The Arkansas Energy Office, a division of the Arkansas Economic Development Commission, has adopted the 2014 Arkansas Energy Code for New Building Construction, also known as the 2014 Arkansas Energy Code, which sets the minimum energy efficiency standard for new construction in Arkansas. This is a set of amendments for the 2009 International Energy Conservation Code (IECC). This code is in effect on January 1, 2015.
Please note amendments for residential construction such as duct pressure testing is no longer required, programmable thermostats and consumer disclosure labels specifying components of the home are now required. The commercial energy standard is unchanged from the 2011 version of the code.
A permanent label disclosing energy efficiency attributes of the home is now required to be provided to consumers, lenders and appraisers. A permanent label shall be posted on or in the electrical distribution panel and a temporary label is required to be affixed in a clearly visible location for consumers on or in close proximity to the front door. This label is intended to assure consumers that their new home complies with the minimum energy efficiency standards of the state and help consumers compare efficiency of new homes.
Click here to see the current draft of the 2014 Arkansas Energy Code Disclosure Label.
Checks back for more resources to assist you understand the benefits and how to understand how energy efficient your new home is.
Compliance can be met through three compliance pathways:
Prescriptive: This compliance mechanism is based on code officials conducting building evaluations based on a review of the plans and actual construction in the field. Please note that counties in the Climate Zone 4 now have the same requirements as Climate Zone 3 for residential compliance.
Trade-Off: This is an approach that allows trading enhanced energy efficiency of one building component for decreased energy efficiency in another component. Tools such as REScheck, for residential builders, and COMcheck, for Commercial builders, are free and easy to use software tool available from the Department of Energy that automates the trade-off calculations and verifies that a projects design is in compliance with the 2009 International Energy Conservation Code. These tools that can be completed by anyone with a basic understanding of building science and given to code officials.
Performance: This pathway allocates a total allowable energy use for a building, as determined by modeling software and the builder chooses the materials he prefers to meet this target. One of the most common examples of energy modeling software for residential use and are those accredited by the Residential Energy Services Network (RESNET).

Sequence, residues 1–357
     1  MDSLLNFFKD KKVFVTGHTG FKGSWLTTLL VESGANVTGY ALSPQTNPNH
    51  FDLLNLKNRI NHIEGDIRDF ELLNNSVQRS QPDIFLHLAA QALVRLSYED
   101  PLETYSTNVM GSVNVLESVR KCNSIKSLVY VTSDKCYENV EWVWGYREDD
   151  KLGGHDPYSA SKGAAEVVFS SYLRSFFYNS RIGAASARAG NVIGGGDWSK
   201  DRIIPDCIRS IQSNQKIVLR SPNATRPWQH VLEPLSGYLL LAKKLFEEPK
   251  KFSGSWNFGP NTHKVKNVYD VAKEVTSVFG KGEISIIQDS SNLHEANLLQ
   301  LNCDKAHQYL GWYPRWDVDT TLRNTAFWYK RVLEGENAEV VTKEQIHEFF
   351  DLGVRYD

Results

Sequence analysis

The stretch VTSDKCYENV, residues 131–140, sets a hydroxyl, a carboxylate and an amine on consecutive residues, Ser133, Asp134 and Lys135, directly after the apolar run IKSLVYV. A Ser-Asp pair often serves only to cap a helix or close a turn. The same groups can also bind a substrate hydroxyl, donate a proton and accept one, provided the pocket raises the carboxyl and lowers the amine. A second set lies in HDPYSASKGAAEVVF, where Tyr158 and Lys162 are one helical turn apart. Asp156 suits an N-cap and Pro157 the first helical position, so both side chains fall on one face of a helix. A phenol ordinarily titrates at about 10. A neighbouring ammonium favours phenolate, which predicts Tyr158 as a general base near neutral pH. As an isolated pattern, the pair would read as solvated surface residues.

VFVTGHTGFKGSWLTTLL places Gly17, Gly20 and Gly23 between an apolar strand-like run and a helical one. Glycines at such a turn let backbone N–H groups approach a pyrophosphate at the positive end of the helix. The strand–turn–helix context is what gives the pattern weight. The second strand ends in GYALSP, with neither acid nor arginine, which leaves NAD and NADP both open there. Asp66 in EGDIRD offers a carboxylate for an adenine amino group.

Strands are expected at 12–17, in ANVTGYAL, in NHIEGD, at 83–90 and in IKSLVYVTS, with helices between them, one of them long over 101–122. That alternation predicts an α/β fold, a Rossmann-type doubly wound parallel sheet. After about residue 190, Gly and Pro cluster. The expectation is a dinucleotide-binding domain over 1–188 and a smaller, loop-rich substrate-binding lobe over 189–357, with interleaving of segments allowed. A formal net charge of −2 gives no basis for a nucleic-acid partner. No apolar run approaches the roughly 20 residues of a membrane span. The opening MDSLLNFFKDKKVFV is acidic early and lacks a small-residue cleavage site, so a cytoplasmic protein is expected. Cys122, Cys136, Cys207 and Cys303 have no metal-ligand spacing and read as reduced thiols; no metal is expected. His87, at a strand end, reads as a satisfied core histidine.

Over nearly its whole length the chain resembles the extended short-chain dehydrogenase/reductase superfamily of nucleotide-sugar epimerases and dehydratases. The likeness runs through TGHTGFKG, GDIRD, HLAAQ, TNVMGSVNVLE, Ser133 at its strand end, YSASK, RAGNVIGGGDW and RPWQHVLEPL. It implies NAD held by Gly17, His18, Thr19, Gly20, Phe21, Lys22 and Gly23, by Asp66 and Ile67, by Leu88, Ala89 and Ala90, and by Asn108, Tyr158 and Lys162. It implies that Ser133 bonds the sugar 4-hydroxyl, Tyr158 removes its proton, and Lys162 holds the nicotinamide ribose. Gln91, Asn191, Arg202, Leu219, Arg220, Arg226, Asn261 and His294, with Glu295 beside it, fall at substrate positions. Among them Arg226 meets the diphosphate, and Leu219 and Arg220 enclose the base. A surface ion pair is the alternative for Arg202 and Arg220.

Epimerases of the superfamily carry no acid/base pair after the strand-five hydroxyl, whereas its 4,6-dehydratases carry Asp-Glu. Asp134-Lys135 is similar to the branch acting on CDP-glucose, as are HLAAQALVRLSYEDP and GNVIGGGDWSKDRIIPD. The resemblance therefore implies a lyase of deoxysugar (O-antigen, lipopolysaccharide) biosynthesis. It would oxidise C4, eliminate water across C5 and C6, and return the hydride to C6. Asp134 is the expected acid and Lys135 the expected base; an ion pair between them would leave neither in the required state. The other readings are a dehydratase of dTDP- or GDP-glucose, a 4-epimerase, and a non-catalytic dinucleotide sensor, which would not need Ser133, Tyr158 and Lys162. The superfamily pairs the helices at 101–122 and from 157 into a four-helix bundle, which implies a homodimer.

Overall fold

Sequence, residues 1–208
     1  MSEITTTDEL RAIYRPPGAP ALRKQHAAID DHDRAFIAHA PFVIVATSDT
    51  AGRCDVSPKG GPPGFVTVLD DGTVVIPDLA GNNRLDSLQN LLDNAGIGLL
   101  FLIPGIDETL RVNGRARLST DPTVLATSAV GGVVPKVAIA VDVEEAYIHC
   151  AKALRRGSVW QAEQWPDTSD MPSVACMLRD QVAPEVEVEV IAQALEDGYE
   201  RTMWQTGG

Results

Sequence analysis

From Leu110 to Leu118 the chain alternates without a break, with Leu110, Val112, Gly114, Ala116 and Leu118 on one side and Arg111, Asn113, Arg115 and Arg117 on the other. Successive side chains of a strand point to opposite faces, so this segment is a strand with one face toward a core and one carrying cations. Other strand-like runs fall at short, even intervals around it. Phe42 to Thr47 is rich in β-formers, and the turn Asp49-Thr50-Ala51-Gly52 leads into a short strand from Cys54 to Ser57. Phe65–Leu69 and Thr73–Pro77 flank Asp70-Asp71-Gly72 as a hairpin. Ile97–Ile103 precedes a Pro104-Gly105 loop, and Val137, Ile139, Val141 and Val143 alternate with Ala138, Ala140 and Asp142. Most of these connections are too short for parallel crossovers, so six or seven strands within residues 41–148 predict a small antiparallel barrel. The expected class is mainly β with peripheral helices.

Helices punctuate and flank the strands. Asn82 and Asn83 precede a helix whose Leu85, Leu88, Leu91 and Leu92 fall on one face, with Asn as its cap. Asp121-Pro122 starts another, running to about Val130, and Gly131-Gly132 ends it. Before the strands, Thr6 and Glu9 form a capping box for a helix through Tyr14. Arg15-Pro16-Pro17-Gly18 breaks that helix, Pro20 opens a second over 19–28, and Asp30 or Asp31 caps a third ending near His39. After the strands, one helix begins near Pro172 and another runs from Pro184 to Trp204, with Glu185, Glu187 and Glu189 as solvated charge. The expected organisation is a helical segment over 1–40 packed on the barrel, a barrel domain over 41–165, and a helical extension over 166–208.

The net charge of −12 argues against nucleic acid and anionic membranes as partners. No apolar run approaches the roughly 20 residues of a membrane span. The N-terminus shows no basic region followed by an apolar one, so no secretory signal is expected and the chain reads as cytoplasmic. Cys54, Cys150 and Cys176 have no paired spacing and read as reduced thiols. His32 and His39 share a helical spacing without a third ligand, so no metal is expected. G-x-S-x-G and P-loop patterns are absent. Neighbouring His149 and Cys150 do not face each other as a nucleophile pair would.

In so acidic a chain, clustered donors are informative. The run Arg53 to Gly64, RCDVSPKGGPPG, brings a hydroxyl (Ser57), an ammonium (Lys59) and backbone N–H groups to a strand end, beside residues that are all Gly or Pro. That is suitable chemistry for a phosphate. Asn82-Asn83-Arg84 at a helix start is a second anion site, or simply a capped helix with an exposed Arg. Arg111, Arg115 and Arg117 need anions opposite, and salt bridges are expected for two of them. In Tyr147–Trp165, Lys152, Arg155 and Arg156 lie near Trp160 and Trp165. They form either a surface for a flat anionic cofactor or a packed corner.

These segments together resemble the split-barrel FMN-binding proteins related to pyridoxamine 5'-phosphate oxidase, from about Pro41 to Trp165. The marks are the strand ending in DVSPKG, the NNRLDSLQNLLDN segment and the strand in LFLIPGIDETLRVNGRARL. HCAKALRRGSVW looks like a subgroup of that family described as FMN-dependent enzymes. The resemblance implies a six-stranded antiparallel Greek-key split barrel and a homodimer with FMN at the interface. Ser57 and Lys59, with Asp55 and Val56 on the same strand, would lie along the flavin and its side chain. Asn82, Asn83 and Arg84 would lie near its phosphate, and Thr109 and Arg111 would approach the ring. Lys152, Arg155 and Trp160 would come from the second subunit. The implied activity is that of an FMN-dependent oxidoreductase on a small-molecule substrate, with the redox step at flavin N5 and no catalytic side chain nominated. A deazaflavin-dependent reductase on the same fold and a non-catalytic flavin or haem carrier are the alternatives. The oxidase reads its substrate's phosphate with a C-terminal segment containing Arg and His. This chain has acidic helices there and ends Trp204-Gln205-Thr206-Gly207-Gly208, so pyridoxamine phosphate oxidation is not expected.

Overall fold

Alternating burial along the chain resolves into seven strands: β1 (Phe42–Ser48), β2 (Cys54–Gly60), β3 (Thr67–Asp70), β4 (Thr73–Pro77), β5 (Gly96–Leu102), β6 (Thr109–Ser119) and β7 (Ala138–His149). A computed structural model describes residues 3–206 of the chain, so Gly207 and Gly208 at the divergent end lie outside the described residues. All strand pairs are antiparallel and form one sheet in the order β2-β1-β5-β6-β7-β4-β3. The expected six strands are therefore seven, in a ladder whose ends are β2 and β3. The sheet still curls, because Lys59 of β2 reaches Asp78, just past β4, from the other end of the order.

AEO has teamed up with the Southeast Energy Efficiency Alliance and Advanced Energy to develop guide books for both builders and code officials. These guides simplify and guide builders, contractors and code officials through the compliance process. The guides focus on typical building practices and highlight the code requirements that affect a majority of new homes constructed in Arkansas.
Click on the links below to access tools and resources:
1. Success with the Arkansas Energy Code Guidebook for Builders
2. Success with the Arkansas Energy Code Guidebook for Builders
3. Arkansas Energy Code Checklists and Tips for Builders
4. Arkansas Energy Code Checklists and Tips for Code Officials
Cities or counties that issue building permits for new building construction are required to record that the builder has certified that the proposed building will comply with the Arkansas Energy Code.
Any city or county which issues building permits for new building construction must adopt the Arkansas Energy Code by December 31, 2014. A sample ordinance can be found in Appendix A of the 2014 Arkansas Energy Code for New Building Construction.
To download a "code card" for your climate zone go to: Residential Compliance Tools or contact the Arkansas Energy Office at 1-800-558-2633.
A "deem to comply" residential compliance software developed for Arkansas
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Arkansas Economic Development Commission
Energy Efficiency Arkansas